BLOGNAME: LOUDER THAN WORDSAn informal, stream-of-consciousness reflection on business ideas, events and issues in modern business, modern life and with some specifics to the web-software industry by Paul Tomori, Internet Entrepreneur
|Thank You For Coming Here Today Mr. Buffett|
Notwithstanding the Subpoena
By Paul Tomori
Thursday, June 03, 2010 at 10:17:03 (EDT)
Yesterday, Mr. Buffett appeared before the FCIC, a commission set up by the government to try to figure out what caused the financial meltdown. I watched with rapt attention.
As a 79-year-old man, actuarial studies would suggest he has only a few thousand days left in his life.
And despite that, some people think that Buffett owes it to society to respond to such commissions. I wholeheartedly disagree. Like anyone else, Mr. Buffett should be the owner of his time. I don't care if he wanted to stay home yesterday to watch Star Trek reruns. His time is his time and people should respect that.
The day before yesterday, I wrote that I thought their heavy-handed tactic of forcing Buffett to appear was an offense on his civil liberties. I also suggested that the event would be farcical. Often I am wrong about things, but with what transpired yesterday, I was handsomely validated.
Case in point:
Repeatedly, the commission members literally "thanked" Mr. Buffett for appearing, then qualified their gratitude by stating (verbatim) "notwithstanding the subpoena" (i.e. that FORCED you to be here). It was utterly strange to hear them say that.
What a joke.
To their thanks, Mr. Buffett merely nodded with a slightly bewildered look as if to say "ok, I am here, let's get on with this, I have a job to get back to".
They even had the gall to invite Mr. Buffett to make an opening statement. He politely declined and I laughed out loud when he shook his head (all the other attendees made long, rambling opening statements - he was alone in his silence).
It seems that the commission (and everyone else in the world) was wondering how the security ratings agencies (a duopoly of Standard & Poors and Moodys) got everything so wrong. Why did they rate toxic mortgage-backed securities as investment-grade (A) ratings, when most of them should have been assessed as B or C grade. (Most should have been classified as junk bonds)? Mr. Buffett's response: "they just got it wrong... and so did the banks... and so did the American people... and so did I".
Hmmm... hindsight is 20-20 people! It's always easy to look back and state with arrogance and self-righteousness that things should have been different. It's all part of the big blame-game going on in Washington now. They need a sacrificial lamb to appease the angry masses. By bringing Mr. Buffett to the hearings, there is a subtle implication that HE somehow is accountable. Of course, that is ludicrous. And it's probably one of the reasons he resisted going (until he was forced).
What's ironic is that if the ratings agencies actually had downgraded the questionable securities BEFORE the collapse, that act alone might have precipitated the exact same (or worse) collapse. You see, many institutional investors are internally mandated to only hold "investment-grade" bonds and notes. So, if suddenly, their holdings were pronounced to be non-investment-grade, there would have been a pretty big sell-off. In fact, such a sell-off might have triggered "a run on the bank" as the expression goes. When you're dealing with a house of cards, which is what the mortgage-backed securities business is seen to be in retrospect, what difference does it make if the cards are brought down by a loose footing or a sudden gust of sanity? The real problem is that no one at the time was willing to call the investments what they were: a house of cards.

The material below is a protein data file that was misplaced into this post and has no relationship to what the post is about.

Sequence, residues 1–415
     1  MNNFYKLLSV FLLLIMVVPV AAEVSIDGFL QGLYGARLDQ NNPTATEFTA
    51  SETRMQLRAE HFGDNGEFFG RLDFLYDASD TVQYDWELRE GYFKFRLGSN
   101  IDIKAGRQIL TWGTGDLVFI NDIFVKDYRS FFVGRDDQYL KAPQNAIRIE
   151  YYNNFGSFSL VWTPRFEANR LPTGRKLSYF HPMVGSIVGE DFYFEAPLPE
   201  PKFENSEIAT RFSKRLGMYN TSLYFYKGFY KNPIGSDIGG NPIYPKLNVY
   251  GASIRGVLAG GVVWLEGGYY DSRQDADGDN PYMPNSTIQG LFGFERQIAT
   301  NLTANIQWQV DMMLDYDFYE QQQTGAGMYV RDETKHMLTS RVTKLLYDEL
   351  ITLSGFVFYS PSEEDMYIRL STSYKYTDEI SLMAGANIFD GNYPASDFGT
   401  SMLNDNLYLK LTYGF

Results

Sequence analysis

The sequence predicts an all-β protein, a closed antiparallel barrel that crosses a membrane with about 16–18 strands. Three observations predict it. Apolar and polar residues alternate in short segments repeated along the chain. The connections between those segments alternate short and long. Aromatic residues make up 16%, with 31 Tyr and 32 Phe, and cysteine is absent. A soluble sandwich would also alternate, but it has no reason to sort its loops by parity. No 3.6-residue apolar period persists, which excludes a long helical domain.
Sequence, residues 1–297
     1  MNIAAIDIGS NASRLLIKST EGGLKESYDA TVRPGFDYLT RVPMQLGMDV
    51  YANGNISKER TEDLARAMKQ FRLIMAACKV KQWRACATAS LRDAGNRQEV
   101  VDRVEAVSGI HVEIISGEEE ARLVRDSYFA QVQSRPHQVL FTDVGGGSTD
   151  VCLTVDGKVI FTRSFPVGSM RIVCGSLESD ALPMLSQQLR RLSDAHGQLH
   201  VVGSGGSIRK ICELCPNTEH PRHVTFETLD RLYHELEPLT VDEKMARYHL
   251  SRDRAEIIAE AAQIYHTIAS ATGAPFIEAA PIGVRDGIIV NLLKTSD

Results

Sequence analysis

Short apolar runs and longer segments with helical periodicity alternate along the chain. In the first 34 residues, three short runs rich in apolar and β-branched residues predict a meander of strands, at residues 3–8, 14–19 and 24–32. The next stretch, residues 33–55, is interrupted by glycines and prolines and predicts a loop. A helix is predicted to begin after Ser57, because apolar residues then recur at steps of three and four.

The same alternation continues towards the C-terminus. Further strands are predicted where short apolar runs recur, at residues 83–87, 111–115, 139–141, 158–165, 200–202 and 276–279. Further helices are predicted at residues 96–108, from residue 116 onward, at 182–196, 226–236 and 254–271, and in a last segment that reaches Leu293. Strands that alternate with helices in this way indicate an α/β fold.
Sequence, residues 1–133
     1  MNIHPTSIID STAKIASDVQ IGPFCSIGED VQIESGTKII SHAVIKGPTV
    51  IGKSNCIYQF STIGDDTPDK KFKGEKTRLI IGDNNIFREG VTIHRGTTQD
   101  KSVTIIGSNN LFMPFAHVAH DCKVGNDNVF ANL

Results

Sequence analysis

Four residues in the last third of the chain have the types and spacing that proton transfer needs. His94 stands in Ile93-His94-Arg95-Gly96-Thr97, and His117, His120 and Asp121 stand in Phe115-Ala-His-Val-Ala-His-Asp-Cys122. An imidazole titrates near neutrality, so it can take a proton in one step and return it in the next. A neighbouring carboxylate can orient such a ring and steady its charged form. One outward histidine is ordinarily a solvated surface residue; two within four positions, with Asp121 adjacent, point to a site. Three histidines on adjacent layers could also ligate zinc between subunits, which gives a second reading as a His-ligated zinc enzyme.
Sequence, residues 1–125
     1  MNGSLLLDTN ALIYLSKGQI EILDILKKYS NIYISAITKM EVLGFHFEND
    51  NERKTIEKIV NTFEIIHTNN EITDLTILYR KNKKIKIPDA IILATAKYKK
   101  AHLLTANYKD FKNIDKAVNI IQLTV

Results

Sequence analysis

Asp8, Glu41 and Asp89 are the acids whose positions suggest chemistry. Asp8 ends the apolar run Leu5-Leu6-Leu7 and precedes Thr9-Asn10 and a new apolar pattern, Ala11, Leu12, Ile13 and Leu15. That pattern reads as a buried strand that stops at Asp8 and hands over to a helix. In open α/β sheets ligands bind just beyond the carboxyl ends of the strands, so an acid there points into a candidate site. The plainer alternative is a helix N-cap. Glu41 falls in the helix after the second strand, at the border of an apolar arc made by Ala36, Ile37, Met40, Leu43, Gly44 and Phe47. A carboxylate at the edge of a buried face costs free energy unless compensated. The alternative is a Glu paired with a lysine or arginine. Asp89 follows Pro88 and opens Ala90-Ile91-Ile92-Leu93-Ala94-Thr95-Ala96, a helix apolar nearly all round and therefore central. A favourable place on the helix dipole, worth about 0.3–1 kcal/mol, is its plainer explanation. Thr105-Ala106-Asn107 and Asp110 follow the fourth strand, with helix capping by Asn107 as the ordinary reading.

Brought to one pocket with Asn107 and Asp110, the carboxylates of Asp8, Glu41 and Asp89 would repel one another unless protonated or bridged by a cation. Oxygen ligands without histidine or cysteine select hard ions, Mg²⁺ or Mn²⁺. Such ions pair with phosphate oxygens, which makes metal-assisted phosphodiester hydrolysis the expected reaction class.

When asked why Mr. Buffett owns such a large chunk of Moodys (he's the biggest shareholder), he simply stated that it was a sound investment (after all investing is what he does). He was careful to clarify that he doesn't necessarily believe the services are of great value, but for him that doesn't matter. Many of his companies are REQUIRED to be rated, and there are only 2 respected ratings agencies, so as he puts it, he has "no bargaining power". Moodys can charge whatever they want for their services pretty much... and business owners HAVE to pay. Mr. Buffett likes that kind of a business... as an owner. No wonder he bought shares. Being a large shareholder is a good way to offset the expense of having to hire Moodys in the first place. In other words, he has to pay Moodys a LOT of money for ongoing ratings for his companies, so by owning a big chunk of the company, he is essentially taking money out of one of his pockets and putting it in another.
No wonder they call him the Oracle of Omaha. His insights are profound in their simplicity.
When asked if he uses the Moodys ratings system himself when he is assessing a prospective share purchase for his own portfolio, he said (paraphrasing) "no, we do our own assessments of securities before we buy them." What a concept! Do your own due diligence? Imagine if we all did that.
Anyway, kudos to him for remaining calm and congenial. He is a master PR puppeteer and did both pre and post interviews so that he could get some control of the message of the day. You know, he could have sent a bunch of lawyers against the commission to assert his rights not to have to attend, but instead, he did a cost-benefit analysis and figured it best to go and get it over with... You could see he just seemed to resign himself to remain pretty tight-lipped and then get back to what he really wants to do... run his business.
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